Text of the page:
BWW Reviews: DUNSINANE In Macbeth's Scotland a Timeless Quest for Justice

The quest for power versus the pursuit of order. The slippery interpretation of "justice." Dunsinane, presented by The Shakespeare Theatre Company through February 21, shows us that the precarious balance among victor, vanquished, and peace-keeper is a timeless dilemma stretching from Macbeth's heaths to the Iraqi dessert.

Dunsinane picks up where Shakespeare's Macbeth leaves off, when the English army, camouflaged as forest trees, kills the tyrant and takes the seat of power. But in the confusion of the skirmish a critical and messy mistake is made: the Queen of Scotland, Lady Macbeth, remains alive. With the queen living and with a claim to the throne, many in the country will refuse to accept a newly-installed king.

We see the struggle of the English commanding officer, Siward, who attempts to negotiate the unspoken and bewildering rules of a foreign land. Siward arrives on the shores a man of principle committed to peace and eager to do what is right to restore calm to a war-torn land. "My job is to build a new kingdom - not to settle old grudges," Siward explains to the Lady. "New government can't be built on top of old wounds."

Yet old wounds become inflamed. We see that in Scotland in 1054, we see that in Afghanistan today (or in Syria, or the Ukraine, or Nigeria...). The National Theatre of Scotland - which presents Dunsinane with the Royal Shakespeare Company at The Shakespeare Theatre Company's Sidney Harman Hall in a limited run - powerfully explored these same murky questions of justice, shifting alliances, morass and morality in the highly successful Black Watch that toured to the Shakespeare Theatre Company earning several awards and nominations in the process.

David Greig's text, which premiered in 2010 in an RSC production in London, is a powerful and provocative contemplation on the ethics of war and political leadership. Greig aptly balances the weight of the issues with scenes of humor and lightness. Although the story itself stretches back a millennium, Grieg's language, cadence and stance make it a freshly contemporary work of theatre.

Siobhan Redmond as Gruach shows us a Lady Macbeth of great intelligence, fire, wit, and vulnerability. In Redmond's capable hands, Gruach is a strong and multi-faceted woman for whom we really care. For this U.S. premiere of Dunsinane, Siobhan Redmond reprises the role that earned her accolades in recent international tours.

Yet it is through actor Darrell D'Silva's English commanding officer Siward that we see the full tragedy unspool. Arriving in the alien land with naïve and untried soldiers full of bravado after a successful conquest, Siward guides with care. He steers away from the politically convenient but bloody options. D'Silva has a great physical presence and his Siward is solid, substantial and reliable. The commander soon learns, however, that nothing is what it seems - not even the boggy ground you walk on can be trusted to support you. Siward transforms, bowing in time under a situation out of control, where each attempt at a solution sparks new quandaries.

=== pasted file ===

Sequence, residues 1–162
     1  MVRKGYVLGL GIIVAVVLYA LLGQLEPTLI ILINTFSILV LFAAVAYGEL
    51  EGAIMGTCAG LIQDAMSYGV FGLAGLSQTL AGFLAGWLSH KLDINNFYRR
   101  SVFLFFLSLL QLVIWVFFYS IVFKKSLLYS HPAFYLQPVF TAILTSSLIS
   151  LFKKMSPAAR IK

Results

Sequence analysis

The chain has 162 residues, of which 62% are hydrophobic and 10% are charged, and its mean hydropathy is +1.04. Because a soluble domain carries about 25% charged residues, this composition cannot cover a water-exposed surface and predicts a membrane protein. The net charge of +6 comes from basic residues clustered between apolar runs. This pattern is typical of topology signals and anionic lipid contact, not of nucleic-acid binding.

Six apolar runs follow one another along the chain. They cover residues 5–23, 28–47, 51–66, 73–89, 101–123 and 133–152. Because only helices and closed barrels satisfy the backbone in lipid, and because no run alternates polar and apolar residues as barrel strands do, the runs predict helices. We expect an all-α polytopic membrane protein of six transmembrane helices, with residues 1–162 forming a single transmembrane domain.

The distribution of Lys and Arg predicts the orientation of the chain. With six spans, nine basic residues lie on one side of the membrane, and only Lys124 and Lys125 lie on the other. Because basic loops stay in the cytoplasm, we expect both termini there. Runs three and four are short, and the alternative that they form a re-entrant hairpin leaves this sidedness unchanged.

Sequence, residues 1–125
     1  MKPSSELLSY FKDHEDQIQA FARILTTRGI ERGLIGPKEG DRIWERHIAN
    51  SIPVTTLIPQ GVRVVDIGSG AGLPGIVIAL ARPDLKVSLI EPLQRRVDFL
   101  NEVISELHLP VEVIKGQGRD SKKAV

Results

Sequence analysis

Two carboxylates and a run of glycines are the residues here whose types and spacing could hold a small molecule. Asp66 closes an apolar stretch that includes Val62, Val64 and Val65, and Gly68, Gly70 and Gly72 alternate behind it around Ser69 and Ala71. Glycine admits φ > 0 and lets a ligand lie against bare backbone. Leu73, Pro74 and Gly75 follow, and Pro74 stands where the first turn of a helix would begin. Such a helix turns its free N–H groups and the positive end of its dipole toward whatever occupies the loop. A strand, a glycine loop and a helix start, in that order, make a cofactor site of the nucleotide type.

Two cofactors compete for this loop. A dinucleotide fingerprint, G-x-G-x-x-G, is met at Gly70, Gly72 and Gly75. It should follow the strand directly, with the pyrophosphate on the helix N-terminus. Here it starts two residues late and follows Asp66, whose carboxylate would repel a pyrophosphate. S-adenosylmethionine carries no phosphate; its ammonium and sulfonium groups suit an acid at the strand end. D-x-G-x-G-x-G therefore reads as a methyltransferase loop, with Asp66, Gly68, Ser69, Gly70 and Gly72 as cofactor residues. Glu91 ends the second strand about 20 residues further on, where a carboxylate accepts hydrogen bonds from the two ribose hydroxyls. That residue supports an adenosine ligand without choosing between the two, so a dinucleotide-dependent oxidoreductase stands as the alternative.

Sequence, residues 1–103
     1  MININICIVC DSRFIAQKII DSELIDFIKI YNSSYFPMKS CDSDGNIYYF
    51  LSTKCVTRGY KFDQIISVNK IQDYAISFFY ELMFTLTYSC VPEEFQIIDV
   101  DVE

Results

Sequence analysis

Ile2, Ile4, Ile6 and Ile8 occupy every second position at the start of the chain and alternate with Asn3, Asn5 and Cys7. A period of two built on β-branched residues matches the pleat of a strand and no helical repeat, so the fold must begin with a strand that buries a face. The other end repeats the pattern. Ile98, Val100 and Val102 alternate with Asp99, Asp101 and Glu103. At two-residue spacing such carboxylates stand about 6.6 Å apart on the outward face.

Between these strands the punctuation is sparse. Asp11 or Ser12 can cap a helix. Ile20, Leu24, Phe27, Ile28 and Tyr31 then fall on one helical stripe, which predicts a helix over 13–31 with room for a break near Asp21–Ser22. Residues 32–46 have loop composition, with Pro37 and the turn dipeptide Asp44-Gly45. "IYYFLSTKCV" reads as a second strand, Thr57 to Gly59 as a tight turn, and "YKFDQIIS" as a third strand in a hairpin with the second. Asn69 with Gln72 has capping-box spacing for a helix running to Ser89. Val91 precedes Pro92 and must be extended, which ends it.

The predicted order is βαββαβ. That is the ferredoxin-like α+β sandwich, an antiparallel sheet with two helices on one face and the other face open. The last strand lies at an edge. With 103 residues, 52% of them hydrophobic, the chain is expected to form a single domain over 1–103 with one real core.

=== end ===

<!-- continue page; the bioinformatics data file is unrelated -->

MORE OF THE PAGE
Bookending many of the scenes is the commentary and observations of The Boy Soldier. Tom Gill draws us in to this universal exuberance, puzzlement, weariness and longing of a young fighter far from home and figuring things out. Gill artfully opens the play, sets the tone, and with him we trod through the quagmire of the ever-shifting, ever-problematic Scotland.

Ewan Donald as the newly-installed king, Malcolm, must be many things to many people. The actor mines great humor as he artfully unfolds the many surprising and shrewd aspects of what it takes to survive in treacherous times.

Keith Fleming's Macduff shows us an insider's understanding of the ways of the people. He makes us consider what is expedient and what is just. Then, as things get ever more complicated, we reconsider our conclusions though his confidence and knowledge are persuasive.

The cast as a whole is top-notch. Freddie Bennett, George Brockbanks, Toyin Omari-Kinch, Alex Mann, David Mavricos, Arthur McBain, Matt McClure, Shane O'Loughlin and Zach Powell show nuanced and powerful moments throughout. Helen Darbyshire and Mairi Morrison, with their ethereal voices and haunting presence as Gruach's attendants, are memorable and lend a mystifying and unbalanced edge to the production. Live musicians on the stage punctuate each scene; Rosalind Acton (musical director and cello), Robert Owen (percussion) and Andy Taylor (guitar) heighten the mood and are a strong aspect of the staging.

Director Roxana Silbert capably balanced all aspects of the haunting work. Robert Innes Hopkins' flexible design of weighty pieces, stony stairs, religious icons and elements of fire, smoke and iron serve many purposes but ground the production in medieval Scotland.

The genius of Shakespeare is his words, characters and stories that continue to affect us 400 years later. The genius of Dunsinane is that the powerful script and expert cast refresh our understanding of Macbeth and of our own times. Dunsinane is thought-provoking, relevant and haunting theatre.

Runtime: 2 hours, 35 minutes (with one intermission)

Dunsinane runs through February 21 with shows on Tuesdays, Wednesdays and Sundays at 7:30 pm; Thursdays, Fridays and Saturdays at 8 pm; matinees Saturdays and Sundays at 2 pm with an additional 10 am matinee on Thursday, February 19. The production is at Sidney Harman Hall, 610 F St. NW, Washington, D.C. 20004. For tickets, please visit The Shakespeare Theatre Company website here.

Photo credits: KPO Photo. Darrell D'Silva as Siward; Siobhan Redmond as Gruach (Lady Macbeth)



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From This Author Pamela Roberts